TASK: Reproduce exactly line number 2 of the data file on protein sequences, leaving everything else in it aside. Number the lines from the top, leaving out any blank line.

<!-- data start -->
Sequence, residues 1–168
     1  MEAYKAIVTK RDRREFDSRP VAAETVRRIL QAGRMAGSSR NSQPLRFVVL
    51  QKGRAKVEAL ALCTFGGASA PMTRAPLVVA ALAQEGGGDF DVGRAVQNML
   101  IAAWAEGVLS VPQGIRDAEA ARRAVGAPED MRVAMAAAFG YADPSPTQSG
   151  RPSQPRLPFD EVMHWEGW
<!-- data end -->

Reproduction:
     1  MEAYKAIVTK RDRREFDSRP VAAETVRRIL QAGRMAGSSR NSQPLRFVVL